Senator McGRATH: I am not going to take lessons from the Greens on morality.
The ACTING DEPUTY PRESIDENT: Senator McGrath, ignore the interjections and direct your comments through the chair.
Senator WHISH-WILSON: Mr Acting Deputy President, I rise on a point of order. Could you please instruct Senator McGrath to direct his comments through the chair, not directly at Senator Hanson-Young?
The ACTING DEPUTY PRESIDENT: Senator Whish-Wilson, I was actually doing so when all the screaming was going on, so I will just reiterate my words from about 30 seconds ago. Senator McGrath, please ignore the interjections and direct your comments through the chair. This is like groundhog day.
Senator McGRATH: It is sometimes like groundhog day here, Mr Acting Deputy President. Tony Abbott, the Prime Minister, and the government were elected on the basis of stopping the boats, building the roads and infrastructure of the 21st century, getting the budget under control and paying back the debt. In terms of stopping the boats, that is what they have done. Since 19 December 2013 there has been one people-smuggling venture that has arrived here—only one. By comparison, for the period from 20 December 2012 to 1 October 2013, a total of over 20,000 illegal arrivals turned up on 290 boats. We are stopping the boats. What some people do not want to talk about is those who have been lost at sea. 'We don't want to talk about the 1,100 people who have perished at sea. No, we don't want to talk about that. No, we won't talk about that.' It is the silence of the lambs when it comes to talking about those 1,100 people. We do not care about those people! By stopping the boats, we are saving peoples' lives. Labor had over 11 failed approaches to border protection, which led to over 50,000 illegal arrivals on more than 800 boats. Illegal arrivals increased from two people per month in the last five years of the Howard government to more than 3,000 per month under the Rudd-Gillard-Rudd-Green government.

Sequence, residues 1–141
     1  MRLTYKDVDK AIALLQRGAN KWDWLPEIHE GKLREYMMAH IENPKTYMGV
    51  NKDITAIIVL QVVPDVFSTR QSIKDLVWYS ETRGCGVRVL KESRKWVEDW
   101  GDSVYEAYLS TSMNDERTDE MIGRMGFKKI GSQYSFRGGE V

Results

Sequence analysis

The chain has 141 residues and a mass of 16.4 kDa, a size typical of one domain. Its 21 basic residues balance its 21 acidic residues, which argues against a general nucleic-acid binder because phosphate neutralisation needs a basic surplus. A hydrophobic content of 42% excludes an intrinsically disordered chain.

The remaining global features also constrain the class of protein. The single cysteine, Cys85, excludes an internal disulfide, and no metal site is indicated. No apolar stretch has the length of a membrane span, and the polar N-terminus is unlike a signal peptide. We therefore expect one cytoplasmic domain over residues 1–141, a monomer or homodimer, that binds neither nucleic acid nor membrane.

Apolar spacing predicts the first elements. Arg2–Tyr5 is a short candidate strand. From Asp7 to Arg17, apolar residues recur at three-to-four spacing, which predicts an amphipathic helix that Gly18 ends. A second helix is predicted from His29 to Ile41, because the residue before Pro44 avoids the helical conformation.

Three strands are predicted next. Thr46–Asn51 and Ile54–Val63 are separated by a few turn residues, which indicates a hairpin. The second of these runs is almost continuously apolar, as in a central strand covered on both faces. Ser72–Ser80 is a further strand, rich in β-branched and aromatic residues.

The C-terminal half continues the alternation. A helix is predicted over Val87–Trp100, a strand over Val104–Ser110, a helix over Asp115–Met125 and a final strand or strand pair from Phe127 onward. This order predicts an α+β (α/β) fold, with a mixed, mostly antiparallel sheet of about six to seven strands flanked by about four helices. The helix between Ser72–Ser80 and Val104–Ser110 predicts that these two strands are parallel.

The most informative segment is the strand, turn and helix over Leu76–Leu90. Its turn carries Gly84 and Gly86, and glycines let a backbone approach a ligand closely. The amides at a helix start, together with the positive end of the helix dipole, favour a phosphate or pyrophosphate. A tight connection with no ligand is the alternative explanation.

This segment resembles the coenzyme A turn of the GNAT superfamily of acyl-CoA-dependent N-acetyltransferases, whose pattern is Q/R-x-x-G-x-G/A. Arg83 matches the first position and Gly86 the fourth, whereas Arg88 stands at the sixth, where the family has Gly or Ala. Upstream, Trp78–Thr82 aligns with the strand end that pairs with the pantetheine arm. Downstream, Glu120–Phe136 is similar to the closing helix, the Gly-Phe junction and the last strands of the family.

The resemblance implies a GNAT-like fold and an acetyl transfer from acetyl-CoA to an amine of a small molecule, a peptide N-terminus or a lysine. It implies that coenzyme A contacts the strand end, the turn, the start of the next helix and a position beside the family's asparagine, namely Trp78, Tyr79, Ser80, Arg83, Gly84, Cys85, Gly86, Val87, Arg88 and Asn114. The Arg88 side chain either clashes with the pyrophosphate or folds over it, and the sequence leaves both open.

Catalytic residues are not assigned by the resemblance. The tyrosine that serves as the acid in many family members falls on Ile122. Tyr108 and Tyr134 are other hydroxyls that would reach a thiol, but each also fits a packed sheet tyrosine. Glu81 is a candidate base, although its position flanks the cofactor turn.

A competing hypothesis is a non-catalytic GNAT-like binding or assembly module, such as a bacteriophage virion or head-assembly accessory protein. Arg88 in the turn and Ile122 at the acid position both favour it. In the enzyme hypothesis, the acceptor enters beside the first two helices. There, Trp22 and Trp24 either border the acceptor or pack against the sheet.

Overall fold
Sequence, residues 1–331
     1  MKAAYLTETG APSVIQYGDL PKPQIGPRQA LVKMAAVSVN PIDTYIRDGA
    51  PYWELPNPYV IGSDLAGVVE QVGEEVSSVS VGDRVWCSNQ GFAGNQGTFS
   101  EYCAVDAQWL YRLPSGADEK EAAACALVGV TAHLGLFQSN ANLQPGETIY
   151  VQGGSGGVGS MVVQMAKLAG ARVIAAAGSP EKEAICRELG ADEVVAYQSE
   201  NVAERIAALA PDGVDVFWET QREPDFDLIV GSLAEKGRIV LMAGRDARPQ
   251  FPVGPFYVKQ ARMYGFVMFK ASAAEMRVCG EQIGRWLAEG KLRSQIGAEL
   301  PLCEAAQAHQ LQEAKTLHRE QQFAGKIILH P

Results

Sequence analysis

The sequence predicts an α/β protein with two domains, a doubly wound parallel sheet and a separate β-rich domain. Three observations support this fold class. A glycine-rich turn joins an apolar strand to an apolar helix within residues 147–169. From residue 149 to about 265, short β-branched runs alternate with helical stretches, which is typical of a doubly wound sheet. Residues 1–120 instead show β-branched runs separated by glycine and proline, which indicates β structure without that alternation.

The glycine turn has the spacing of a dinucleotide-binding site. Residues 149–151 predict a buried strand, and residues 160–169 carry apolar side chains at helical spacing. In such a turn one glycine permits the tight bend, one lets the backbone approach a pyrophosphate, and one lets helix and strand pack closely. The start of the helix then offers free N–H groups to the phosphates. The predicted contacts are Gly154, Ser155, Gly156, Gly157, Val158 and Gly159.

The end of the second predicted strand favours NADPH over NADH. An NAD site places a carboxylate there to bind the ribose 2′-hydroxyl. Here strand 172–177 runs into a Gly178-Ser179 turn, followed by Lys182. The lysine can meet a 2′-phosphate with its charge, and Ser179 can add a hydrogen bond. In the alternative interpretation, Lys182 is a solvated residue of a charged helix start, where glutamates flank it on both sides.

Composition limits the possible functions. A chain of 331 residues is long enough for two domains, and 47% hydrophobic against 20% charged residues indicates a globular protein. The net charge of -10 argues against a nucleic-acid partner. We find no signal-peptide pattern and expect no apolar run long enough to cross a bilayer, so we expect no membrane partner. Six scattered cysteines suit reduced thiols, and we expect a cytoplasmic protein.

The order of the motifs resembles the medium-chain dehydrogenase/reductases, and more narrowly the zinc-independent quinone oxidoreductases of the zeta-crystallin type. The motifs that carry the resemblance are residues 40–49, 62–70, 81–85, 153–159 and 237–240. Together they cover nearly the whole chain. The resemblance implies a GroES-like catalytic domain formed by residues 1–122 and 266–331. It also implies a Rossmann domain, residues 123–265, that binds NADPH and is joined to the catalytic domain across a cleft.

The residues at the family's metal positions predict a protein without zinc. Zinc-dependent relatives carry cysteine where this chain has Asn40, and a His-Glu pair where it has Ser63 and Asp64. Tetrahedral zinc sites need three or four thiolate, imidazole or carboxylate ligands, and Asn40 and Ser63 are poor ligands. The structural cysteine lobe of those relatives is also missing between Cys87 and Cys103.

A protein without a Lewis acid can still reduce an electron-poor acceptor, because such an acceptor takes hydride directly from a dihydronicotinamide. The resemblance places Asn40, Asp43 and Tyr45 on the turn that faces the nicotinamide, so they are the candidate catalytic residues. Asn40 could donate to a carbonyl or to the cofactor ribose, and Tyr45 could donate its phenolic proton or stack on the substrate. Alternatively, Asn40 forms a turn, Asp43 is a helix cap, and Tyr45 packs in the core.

Senator Reynolds: Shameful!
Senator McGRATH: Senator Reynolds, you are right. That is shameful. Certain people who come in here and cry tears but do not mention the 1,100 people who perished at sea have a false morality and are hypocrites. The government is doing what it said it was going to do. It is stopping the boats.
In terms of resettling in Cambodia, we said we were going to have a regional solution. We do have a regional solution: we are going to Cambodia. There is soft racism—and it is soft racism—about why Cambodia is not good enough for the resettlement of these people. Cambodia is a fine country. It is a good country. Those people sniggering and smirking about Cambodia should know that Cambodia will provide a safe home, it will provide an education and it will look after people—and those people will not be perishing at sea. I challenge people, through you, Mr Acting Deputy President, to talk about the 1,100 people at sea. Let us talk about those deaths. 'No, we will not!' There is a black hole of silence coming from a certain corner of this chamber, because they will not talk about those deaths. They will talk about anything else except those deaths and the number of lives that this government has saved through stopping the boats. (Time expired)